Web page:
Australian Market Commentary
The Australian bond market (as measured by the Bloomberg AusBond Composite 0+ Yr Index) was up 1.51% over the month. The yield curve flattened as 3-year government bond yields ended the month down 14 basis points (bps) to 0.67% while 10-year government bond yields were down 30 bps to 0.89%. Short-term bank bill rates ended the month mostly lower. The 1-month rate was up 3bps to 1.05%, the 3-month rate was down 4 bps to 0.97% while the 6-month rate was also down 4 bps to 0.99%. The Australian dollar was weaker, closing the month at USD 0.67.
The Reserve Bank of Australia (RBA) maintained the cash rate at the record low level of 1.00%. The RBA noted that it is reasonable to expect an extended period of low interest rates in order to make progress in reducing unemployment and achieve more assured progress towards the inflation target.
Domestic economic data releases were better than expected in August. Employment growth rose a higher than expected 41,500 positions in July, while the unemployment rate remained steady at 5.2%. Retail sales exceeded expectations, rising 0.4% in June. The NAB Business Conditions index fell by 2 points to +2 in July. In contrast, Business Confidence rose to +4 from +2. National CoreLogic dwelling prices rose 0.08% in August, with strong gains in Sydney and Melbourne.
Australian Market Outlook
Global growth has moderated, largely due to the slowdown in China (and neighbouring Asia) and the impact of the ongoing US-China trade war which has reduced international trade. A temporary truce which was agreed at the June G20 Summit was short-lived, with China announcing retaliatory tariffs on USD 75 billion of US goods in August, and President Trump announcing a 15% tariff on USD 300 billion worth of Chinese imports that had previously been spared. We remain cautious about the global trade environment but remain hopeful regarding the overall growth outlook given the US Federal Reserve’s recent rate cut and the dovish view of other major central banks which should help support global growth.
Domestically, the Australian economy is growing below-trend due to a period of declining house prices and sustained low income growth impacting household consumption. Despite strong employment growth, unemployment has hovered at 5.2% in recent months as labour force participation has increased to a record level. Economic growth is expected to increase only gradually, supported by the low level of interest rates, recent tax cuts and signs of stabilisation in the housing market.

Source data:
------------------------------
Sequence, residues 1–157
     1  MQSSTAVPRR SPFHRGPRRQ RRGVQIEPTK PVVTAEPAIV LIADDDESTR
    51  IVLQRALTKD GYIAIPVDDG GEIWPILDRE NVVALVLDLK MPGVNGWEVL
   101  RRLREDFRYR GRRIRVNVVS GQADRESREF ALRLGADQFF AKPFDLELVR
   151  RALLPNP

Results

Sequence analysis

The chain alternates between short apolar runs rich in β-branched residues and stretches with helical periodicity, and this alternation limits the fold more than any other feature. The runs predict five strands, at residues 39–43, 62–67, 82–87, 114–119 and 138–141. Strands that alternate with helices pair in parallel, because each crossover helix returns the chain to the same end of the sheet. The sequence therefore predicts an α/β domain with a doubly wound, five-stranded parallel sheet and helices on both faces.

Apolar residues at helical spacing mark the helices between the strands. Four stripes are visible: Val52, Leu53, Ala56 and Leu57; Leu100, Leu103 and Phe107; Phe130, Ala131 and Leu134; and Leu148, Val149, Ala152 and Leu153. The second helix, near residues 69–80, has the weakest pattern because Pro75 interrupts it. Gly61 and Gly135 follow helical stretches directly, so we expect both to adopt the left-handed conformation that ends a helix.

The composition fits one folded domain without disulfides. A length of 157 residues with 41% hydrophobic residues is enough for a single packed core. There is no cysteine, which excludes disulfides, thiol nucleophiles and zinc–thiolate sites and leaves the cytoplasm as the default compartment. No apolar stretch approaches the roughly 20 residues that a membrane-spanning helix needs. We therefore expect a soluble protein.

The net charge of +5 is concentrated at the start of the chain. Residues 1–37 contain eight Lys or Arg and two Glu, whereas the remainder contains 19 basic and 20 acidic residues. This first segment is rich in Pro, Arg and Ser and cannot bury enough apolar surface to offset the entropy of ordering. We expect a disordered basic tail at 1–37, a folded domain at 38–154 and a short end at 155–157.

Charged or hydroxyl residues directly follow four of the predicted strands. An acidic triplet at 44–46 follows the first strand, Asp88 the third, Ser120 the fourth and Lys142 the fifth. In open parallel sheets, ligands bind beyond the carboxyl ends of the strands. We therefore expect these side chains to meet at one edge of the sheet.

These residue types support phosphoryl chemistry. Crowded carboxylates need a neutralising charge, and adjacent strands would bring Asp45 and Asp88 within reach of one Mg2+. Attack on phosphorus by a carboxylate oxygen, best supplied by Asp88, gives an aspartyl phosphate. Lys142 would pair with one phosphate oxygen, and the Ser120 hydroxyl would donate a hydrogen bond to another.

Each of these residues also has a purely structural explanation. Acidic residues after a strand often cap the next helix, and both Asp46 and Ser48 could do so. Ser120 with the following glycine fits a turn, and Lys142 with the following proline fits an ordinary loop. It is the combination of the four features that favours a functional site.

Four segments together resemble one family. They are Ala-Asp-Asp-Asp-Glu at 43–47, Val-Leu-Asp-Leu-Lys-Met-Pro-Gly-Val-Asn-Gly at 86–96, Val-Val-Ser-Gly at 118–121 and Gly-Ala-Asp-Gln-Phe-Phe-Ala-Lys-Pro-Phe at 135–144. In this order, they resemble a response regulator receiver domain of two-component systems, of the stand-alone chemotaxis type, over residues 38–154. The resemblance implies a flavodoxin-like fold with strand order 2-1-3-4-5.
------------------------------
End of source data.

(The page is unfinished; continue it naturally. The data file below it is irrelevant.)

We had long expected that the RBA would cut rates in 2019, and the broader market eventually came around to our way of thinking. The delivery of two 0.25% rate cuts in June and July has seen the RBA take action to support employment growth and reduce the spare capacity in the labour market. We maintain our view that they will pause here to assess the outcomes of these recent cuts before taking any further action, but believe there could be another cut in the new year.
The US-China trade war livened up in August with President Trump’s remarks creating a volatile month for credit spreads, although offshore in synthetic markets, US CDX and European iTraxx closed just slightly tighter than at the end of July. Domestically, credit was less benign and both the Australian iTraxx and physical spreads finished the month about 5 bps wider.
Many Australian issuers reported in August: mostly either slightly negative or as expected. However, in almost all cases, reported results were solid enough to support current ratings.
In the A-REIT sector, Shopping Centres Australasia, ALE Property Group, GPT Group, Dexus, Vicinity and Stockland were all on the weaker side while Mirvac was more positive. The contrast on failed settlements between Mirvac (<2%) and Stockland (7%) was noticeable, highlighting the differences in their market focuses.